Economic investment outlook is mixed
Region should see solid growth next year, but new jobs won’t keep pace.
The Right Place CEO Birgit Klohs recently received anecdotal validation West Michigan is heading in the right direction.
Recent information from the Bureau of Economic Analysis revealed Grand Rapids is the No. 6 fastest growing large metro in terms of gross regional product, boasting a five-year growth percentage rate of 30.9 percent. The top city in that report was San Jose, California, which grew by 43.6 percent over the same time period.
“That’s all thanks to you and your companies, who are doing so well and investing into this region,” Klohs said, presenting at The Right Place 2017 Economic Outlook for West Michigan. “So, I think you can be really pleased where West Michigan has gone, and you know this, you can feel it. Someone came to me and said, ‘Birgit, we have traffic.’ But that’s a good thing.”
Klohs was the opening presenter Dec. 7 in the Ambassador Ballroom at the Amway Grand Plaza Hotel. Klohs, along with Jim Robey, director of regional economic planning services for the W.E. Upjohn Institute for Employment Research, painted a broad picture of West Michigan’s economy in 2016 and what the region can look forward to in the coming years.
Robey forecasted a 2.5 percent growth rate for the Grand Rapids MSA’s economy next year but just a 1.1 percent increase in employment. He also expects similar trends going into 2018, predicting 2.4 percent growth in West Michigan’s economy with just a 1 percent job growth rate.
“On a regional basis, our forecast is for strong growth in output but somewhat slower growth in employment primarily because of productivity enhancements, as we see kind of naturally in manufacturing,” Robey said at a media briefing following the presentations. “A lot of capital investment in plants and equipment making the plants more productive and using smarter and better trained workers.”
Those trends are in line with what The Right Place has seen in the past three years. During her presentation, Klohs revealed West Michigan has brought in $725.3 million of capital investment in the past three years, nearly twice the amount of the $390 million laid out in the organization’s strategic goals in 2014. However, the 4,146 jobs created as a result of those investments is well shy of the goal of 5,500 new jobs in the region. Additionally, the increased payroll of $153.8 million falls short of the region’s three-year goal of $155.8 million in payroll.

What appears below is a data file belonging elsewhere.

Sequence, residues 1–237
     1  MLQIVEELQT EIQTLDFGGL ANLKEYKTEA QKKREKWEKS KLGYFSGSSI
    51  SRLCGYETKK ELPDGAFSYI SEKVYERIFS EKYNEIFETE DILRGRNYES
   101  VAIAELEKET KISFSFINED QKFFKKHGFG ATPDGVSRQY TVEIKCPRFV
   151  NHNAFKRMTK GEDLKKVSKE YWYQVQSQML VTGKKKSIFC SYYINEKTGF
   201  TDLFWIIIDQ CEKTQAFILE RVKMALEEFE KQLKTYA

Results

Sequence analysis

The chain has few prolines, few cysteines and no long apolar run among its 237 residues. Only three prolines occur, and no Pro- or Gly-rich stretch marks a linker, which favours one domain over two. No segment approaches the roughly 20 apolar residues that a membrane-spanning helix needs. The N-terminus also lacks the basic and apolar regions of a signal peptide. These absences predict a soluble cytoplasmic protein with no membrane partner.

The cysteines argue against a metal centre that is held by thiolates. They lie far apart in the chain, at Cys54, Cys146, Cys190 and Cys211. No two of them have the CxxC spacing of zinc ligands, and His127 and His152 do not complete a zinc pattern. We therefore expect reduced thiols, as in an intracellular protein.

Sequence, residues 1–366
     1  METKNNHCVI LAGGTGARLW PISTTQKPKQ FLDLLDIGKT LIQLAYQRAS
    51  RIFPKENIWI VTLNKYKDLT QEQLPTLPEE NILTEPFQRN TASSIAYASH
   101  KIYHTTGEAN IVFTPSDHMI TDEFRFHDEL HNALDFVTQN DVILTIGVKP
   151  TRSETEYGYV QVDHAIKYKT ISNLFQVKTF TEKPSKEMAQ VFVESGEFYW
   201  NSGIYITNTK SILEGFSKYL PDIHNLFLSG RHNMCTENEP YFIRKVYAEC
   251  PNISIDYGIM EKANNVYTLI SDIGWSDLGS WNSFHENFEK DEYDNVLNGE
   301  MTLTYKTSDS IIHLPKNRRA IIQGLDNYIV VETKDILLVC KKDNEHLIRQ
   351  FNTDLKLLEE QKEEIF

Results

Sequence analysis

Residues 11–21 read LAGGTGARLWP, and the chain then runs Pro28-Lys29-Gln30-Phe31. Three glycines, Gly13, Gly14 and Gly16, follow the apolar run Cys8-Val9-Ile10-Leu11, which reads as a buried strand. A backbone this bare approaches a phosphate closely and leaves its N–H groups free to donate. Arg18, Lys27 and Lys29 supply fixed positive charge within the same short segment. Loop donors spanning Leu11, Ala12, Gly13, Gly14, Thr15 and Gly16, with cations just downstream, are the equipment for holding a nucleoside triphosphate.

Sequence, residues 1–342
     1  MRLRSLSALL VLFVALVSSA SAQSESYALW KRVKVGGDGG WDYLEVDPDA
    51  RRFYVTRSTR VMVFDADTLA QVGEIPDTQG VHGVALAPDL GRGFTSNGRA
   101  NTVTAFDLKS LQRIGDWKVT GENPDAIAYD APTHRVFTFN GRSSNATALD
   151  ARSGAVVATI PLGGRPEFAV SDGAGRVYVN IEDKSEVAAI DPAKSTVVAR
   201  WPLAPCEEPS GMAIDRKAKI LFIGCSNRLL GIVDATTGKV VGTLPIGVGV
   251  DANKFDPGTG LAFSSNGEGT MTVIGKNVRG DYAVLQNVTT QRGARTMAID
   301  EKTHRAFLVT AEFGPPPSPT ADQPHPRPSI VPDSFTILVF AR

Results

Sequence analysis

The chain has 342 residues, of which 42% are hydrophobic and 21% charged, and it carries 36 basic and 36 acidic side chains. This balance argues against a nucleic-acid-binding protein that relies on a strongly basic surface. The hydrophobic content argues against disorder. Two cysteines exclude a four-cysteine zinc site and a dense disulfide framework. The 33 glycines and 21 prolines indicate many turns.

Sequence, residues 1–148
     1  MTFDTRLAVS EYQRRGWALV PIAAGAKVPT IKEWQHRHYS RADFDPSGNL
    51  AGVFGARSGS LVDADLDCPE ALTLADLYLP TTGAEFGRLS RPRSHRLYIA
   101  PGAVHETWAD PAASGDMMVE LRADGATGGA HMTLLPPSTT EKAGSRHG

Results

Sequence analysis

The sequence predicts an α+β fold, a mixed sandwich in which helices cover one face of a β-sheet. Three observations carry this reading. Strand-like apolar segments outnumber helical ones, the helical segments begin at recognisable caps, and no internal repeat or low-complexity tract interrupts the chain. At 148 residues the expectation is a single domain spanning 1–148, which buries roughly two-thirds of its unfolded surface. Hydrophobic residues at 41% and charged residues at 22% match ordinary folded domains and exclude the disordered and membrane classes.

Klohs said the disparity in those numbers is a result of a shift in the jobs that are being attracted to West Michigan, from skilled workers to high-technology content jobs that require more comprehensive training. Kohs noted that in 1980, to create an economic output of $1 million, it would take 25 workers. In 2016, it takes five workers.
“What we’re seeing is not just that lack (of jobs) but higher investment numbers that require fewer jobs,” Klohs said at the briefing. “And we are going to have to adjust our expectations in what we expect out of economic development in Grand Rapids.
“When you look at a $20-million investment and 50 jobs versus a $20-million investment and 100 jobs, it’s really all due to technology and automation. And what we have to do is to make sure that the talent we have gets trained properly for the jobs of today and tomorrow, not what happened yesterday.”
During her presentation, Klohs reported the 2016 results for The Right Place’s work in West Michigan. The Grand Rapids economic development agency completed 19 projects, creating $29.4 million in new payroll and $240.6 million in capital investment while retaining and creating 635 jobs. She added The Right Place figures to complete three more projects by year-end, which will bump those numbers even higher.
“What you see in those 19, soon to be 22 projects, is sort of the tip of the iceberg,” Klohs said. “You only see the results of what we do. We can’t really talk about what all goes into that, but when you think about the infrastructure, the talent, etcetera, of what we do with other organizations and agents to build capacity … that’s the kind of work that we continue to do, including work with our rural communities in building capacities.”
With the end of 2016 right around the corner, The Right Place concludes its three-year strategic plan from 2014. The 2017-2019 strategic plan will be released in February.